There are three types of syndications: an underwritten deal, “best-efforts” syndication, and a “club deal.”
An underwritten deal is one for which the arrangers guarantee the entire commitment, then syndicate the loan. If the arrangers cannot fully subscribe the loan, they are forced to absorb the difference, which they may later try to sell to investors. This is easy, of course, if market conditions, or the credit’s fundamentals, improve. If not, the arranger may be forced to sell at a discount and, potentially, even take a loss on the paper. Or the arranger may just be left above its desired hold level of the credit.
Arrangers underwrite loans for several reasons. First, offering an underwritten loan can be a competitive tool to win mandates. Second, underwritten loans usually require more lucrative fees because the agent is on the hook if potential lenders balk. Of course, with flex-language now common, underwriting a deal does not carry the same risk it once did when the pricing was set in stone prior to syndication.
A “best-efforts” syndication is one for which the arranger group commits to underwrite less than the entire amount of the loan, leaving the credit to the vicissitudes of the market. If the loan is undersubscribed, the credit may not close--or may need major surgery to clear the market. Traditionally, best-efforts syndications were used for risky borrowers or for complex transactions. Since the late 1990s, however, the rapid acceptance of market-flex language has made best-efforts loans the rule even for investment-grade transactions.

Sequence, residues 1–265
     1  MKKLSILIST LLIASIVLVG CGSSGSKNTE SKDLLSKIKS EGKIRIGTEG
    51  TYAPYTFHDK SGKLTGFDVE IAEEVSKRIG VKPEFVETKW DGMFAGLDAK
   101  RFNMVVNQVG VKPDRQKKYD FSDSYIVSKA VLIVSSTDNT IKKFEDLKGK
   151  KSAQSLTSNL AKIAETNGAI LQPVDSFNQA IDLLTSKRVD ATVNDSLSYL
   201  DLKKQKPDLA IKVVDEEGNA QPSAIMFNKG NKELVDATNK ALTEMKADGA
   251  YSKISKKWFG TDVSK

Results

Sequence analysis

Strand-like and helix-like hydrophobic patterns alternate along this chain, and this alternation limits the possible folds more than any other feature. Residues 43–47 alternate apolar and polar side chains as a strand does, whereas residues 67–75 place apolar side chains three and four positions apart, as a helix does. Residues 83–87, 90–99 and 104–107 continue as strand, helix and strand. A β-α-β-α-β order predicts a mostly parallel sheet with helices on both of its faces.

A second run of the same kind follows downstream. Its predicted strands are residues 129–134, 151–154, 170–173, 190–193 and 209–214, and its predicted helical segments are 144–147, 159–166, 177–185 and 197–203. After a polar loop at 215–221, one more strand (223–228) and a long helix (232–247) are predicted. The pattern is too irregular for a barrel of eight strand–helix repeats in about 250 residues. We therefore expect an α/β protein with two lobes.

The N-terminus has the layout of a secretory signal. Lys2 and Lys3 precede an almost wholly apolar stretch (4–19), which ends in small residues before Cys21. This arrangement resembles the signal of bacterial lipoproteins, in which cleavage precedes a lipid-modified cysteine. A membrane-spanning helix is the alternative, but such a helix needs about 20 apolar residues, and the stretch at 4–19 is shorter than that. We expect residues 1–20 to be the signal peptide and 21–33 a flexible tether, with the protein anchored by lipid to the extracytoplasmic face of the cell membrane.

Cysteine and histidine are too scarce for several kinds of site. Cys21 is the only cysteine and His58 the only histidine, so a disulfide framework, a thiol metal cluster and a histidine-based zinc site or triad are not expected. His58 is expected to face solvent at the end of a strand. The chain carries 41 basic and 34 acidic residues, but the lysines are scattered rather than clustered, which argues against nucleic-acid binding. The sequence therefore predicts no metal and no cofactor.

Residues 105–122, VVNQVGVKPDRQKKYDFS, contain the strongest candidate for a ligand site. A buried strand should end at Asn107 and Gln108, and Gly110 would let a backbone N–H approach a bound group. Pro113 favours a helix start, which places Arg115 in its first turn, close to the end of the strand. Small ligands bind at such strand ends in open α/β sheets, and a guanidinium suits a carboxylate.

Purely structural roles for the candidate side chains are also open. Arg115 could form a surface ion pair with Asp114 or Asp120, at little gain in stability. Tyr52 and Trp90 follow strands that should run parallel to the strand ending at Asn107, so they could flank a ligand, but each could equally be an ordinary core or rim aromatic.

A “club deal” is a smaller loan (usually $25 million to $100 million, but as high as $150 million) that is premarketed to a group of relationship lenders. The arranger is generally a first among equals, and each lender gets a full cut, or nearly a full cut, of the fees.